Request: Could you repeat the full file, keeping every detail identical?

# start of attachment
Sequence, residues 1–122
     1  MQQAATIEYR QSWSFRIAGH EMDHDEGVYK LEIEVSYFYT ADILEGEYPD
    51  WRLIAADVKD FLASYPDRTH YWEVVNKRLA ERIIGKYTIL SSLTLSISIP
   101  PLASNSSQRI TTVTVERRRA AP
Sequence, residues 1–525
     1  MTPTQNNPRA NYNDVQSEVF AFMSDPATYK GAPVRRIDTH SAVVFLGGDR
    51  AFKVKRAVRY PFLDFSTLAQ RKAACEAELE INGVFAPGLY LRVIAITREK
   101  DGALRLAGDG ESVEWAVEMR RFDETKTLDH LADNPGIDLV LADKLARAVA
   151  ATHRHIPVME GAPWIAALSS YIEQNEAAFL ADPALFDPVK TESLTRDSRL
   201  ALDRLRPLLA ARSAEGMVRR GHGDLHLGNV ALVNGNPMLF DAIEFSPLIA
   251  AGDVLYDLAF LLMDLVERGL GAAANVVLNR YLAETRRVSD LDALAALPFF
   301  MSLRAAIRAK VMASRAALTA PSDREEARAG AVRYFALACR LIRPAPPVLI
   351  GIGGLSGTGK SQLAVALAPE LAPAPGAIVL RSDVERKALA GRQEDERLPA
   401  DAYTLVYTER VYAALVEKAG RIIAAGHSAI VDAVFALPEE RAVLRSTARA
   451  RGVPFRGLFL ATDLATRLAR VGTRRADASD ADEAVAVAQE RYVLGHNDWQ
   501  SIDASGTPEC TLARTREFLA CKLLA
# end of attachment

Sequence, residues 1–122
     1  MQQAATIEYR QSWSFRIAGH EMDHDEGVYK LEIEVSYFYT ADILEGEYPD
    51  WRLIAADVKD FLASYPDRTH YWEVVNKRLA ERIIGKYTIL SSLTLSISIP
   101  PLASNSSQRI TTVTVERRRA AP
Sequence, residues 1–525
     1  MTPTQNNPRA NYNDVQSEVF AFMSDPATYK GAPVRRIDTH SAVVFLGGDR
    51  AFKVKRAVRY PFLDFSTLAQ RKAACEAELE INGVFAPGLY LRVIAITREK
   101  DGALRLAGDG ESVEWAVEMR RFDETKTLDH LADNPGIDLV LADKLARAVA
   151  ATHRHIPVME GAPWIAALSS YIEQNEAAFL ADPALFDPVK TESLTRDSRL
   201  ALDRLRPLLA ARSAEGMVRR GHGDLHLGNV ALVNGNPMLF DAIEFSPLIA
   251  AGDVLYDLAF LLMDLVERGL GAAANVVLNR YLAETRRVSD LDALAALPFF
   301  MSLRAAIRAK VMASRAALTA PSDREEARAG AVRYFALACR LIRPAPPVLI
   351  GIGGLSGTGK SQLAVALAPE LAPAPGAIVL RSDVERKALA GRQEDERLPA
   401  DAYTLVYTER VYAALVEKAG RIIAAGHSAI VDAVFALPEE RAVLRSTARA
   451  RGVPFRGLFL ATDLATRLAR VGTRRADASD ADEAVAVAQE RYVLGHNDWQ
   501  SIDASGTPEC TLARTREFLA CKLLA